# cd /etc/cups
# diff printers.conf printers.conf.O
 DeviceURI hp:/net/Deskjet_3070_B611_series?ip=
 DeviceURI socket://

It seems that CUPS was sonfigured with an incorrect scanner URI (the socket: one) and updating it (to hp:/net…) fixed the problem. Just editing the file /etc/cups/printers.conf might also have provided a fix, but that is not recommended. If you choose to do it, restart the cupsd daemon afterwards.

NB notice the corrected URI is however not identical to the command line one, it is “hp:”, whereas the command line URI started with “hpaio:”. The CUPS configuration GUI ( also shows the hp: version.

Doing the Same Fix in Other Ways

In this case (Fedora 20/XFCE), the change could also have been made by selecting from the XFCE menu -> Administration -> Print Settings -> right click on printer -> properties and then changing the “Device URI” field.

As stated it is also possible to just edit and correct the file /etc/cups/printers.conf, provided you restart cupsd afterwards.

6 thoughts on “Network Scanners and Fedora 20

  1. HPLIP configures an all-in-one with a URI for the printer device of the form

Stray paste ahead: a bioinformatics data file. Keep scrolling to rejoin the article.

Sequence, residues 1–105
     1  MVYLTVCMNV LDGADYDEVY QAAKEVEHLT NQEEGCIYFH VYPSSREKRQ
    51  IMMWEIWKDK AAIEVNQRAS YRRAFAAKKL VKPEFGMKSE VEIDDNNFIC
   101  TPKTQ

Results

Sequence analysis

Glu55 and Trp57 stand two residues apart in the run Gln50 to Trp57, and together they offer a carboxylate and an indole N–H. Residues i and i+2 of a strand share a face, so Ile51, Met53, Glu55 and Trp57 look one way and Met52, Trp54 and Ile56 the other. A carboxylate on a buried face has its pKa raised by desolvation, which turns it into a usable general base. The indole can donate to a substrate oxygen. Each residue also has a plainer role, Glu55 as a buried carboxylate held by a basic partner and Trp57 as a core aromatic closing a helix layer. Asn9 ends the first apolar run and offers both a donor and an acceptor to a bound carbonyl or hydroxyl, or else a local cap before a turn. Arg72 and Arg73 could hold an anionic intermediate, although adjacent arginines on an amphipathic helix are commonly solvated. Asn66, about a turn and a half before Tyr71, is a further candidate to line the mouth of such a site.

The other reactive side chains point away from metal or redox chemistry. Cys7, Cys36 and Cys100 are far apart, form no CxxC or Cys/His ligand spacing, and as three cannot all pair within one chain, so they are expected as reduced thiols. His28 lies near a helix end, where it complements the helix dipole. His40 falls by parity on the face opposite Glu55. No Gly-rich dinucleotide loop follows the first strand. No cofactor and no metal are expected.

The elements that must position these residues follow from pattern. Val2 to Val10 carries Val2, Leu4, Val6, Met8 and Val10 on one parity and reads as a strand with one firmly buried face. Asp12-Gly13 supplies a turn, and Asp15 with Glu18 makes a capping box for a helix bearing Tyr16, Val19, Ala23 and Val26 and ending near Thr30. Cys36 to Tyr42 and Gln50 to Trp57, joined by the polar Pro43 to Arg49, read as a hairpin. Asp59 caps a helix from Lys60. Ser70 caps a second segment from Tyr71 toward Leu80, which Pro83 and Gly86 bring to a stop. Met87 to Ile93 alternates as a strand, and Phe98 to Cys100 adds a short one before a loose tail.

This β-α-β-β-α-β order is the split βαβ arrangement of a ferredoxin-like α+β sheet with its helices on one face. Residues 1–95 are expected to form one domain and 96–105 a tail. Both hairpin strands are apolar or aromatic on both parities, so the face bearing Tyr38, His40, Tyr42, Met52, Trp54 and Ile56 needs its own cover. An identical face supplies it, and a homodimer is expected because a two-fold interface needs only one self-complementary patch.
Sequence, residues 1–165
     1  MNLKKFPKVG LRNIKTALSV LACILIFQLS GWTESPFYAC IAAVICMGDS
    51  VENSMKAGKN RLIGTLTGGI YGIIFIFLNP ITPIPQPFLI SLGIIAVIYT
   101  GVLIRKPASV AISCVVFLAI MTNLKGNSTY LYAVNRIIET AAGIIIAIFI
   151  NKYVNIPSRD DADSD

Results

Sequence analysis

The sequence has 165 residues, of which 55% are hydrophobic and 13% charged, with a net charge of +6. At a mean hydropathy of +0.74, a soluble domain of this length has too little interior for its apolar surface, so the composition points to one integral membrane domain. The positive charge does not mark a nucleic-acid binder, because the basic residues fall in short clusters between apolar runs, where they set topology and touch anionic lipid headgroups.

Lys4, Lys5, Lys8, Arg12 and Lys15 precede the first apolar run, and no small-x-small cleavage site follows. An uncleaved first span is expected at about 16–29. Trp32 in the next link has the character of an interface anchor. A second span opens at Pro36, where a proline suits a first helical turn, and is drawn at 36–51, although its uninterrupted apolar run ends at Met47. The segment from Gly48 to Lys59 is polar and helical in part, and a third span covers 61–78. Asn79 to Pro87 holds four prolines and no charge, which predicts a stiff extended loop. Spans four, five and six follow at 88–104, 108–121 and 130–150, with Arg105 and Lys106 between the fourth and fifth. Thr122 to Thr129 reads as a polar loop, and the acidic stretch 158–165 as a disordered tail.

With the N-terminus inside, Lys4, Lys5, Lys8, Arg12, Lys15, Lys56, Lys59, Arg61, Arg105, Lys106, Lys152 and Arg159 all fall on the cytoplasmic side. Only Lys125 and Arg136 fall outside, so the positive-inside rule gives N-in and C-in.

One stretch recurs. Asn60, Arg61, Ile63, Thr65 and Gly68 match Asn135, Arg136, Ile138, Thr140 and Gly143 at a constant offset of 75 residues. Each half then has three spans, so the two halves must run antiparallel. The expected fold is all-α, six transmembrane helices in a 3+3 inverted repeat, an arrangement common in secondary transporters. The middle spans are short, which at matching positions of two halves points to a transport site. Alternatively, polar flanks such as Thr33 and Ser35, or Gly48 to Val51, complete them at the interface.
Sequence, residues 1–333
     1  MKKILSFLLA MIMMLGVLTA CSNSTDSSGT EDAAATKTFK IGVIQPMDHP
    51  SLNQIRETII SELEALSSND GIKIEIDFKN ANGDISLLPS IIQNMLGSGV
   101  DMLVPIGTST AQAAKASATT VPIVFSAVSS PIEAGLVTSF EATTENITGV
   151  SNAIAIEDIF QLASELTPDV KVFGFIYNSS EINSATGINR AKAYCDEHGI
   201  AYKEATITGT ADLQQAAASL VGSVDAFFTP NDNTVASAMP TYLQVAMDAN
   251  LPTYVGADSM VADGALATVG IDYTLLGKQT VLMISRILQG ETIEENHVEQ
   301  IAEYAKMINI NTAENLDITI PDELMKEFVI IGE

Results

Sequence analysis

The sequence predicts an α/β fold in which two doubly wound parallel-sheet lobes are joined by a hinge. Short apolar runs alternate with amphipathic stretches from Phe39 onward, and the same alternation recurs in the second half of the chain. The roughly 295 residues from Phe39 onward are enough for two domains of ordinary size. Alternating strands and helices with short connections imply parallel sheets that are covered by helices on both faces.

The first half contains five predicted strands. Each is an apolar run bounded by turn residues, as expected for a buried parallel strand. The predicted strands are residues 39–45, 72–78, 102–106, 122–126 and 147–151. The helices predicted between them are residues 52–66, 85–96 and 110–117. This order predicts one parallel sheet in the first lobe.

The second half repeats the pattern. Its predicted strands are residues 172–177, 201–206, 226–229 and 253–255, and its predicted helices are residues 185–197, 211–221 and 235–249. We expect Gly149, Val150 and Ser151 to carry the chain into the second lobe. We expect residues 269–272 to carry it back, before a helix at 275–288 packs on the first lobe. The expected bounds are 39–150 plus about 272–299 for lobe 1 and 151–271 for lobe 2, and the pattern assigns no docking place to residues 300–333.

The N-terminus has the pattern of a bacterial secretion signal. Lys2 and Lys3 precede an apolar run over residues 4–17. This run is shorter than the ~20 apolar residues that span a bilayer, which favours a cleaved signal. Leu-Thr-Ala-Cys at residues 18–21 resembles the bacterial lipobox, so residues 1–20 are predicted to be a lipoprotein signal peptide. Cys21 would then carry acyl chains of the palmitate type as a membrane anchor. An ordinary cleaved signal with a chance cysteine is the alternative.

hp is the printer backend. There is no direct configuration of the scanner device. xsane uses this URI to construct a URI for the scanner of the form


    hpaio is the scanner backend. Basically, it swaps hpaio for hp.That is why socket://… , ipp://… etc cannot be used if you want xsane to automatically find the scanner. But you can still use xsane .

    • Hi Brian, unfortunately I can’t make much sense of your comments above. It isn’t clear if you followed the article, what happened or if you found it helpful. If you have a specific question, please provide more detail.

      • Hello Jim.

        Sorry for the delay, I did didn’t see your reply. I had no trouble following the article; the trouble I had was formatting the URIs in my replies.

        Printing and scanning are two unrelated processes. They only look related because hplip derives a scanner URI from a printer URI. CUPS is not used to configure scanner URIs but printer URIs. There is nothing wrong with hplip’s approach, but it does lead to users seeing scanning as being connected to printing.

        hp-setup will set up a printer queue *only* with the hp backend. hpaio is substituted for hp for the scanner URI and used by xsane. This is done automatically and in the cause user-friendliness.

        socket, ipp etc can be used as the printer backend. But then there is no automatic URI for the scanner. The solution is not to alter CUPS but for a user to provide the hpaio URI directly to the SANE frontend. as you have done.I

        Newer HP devices have Bonjour broadcasting (AirPrint). A scanner URI can be obtained from these broadcasts. No print queue is needed, but one with a socket backend will not prevent scanner discovery. The HP 3070 B611 doesn’t appear to have Airprint support.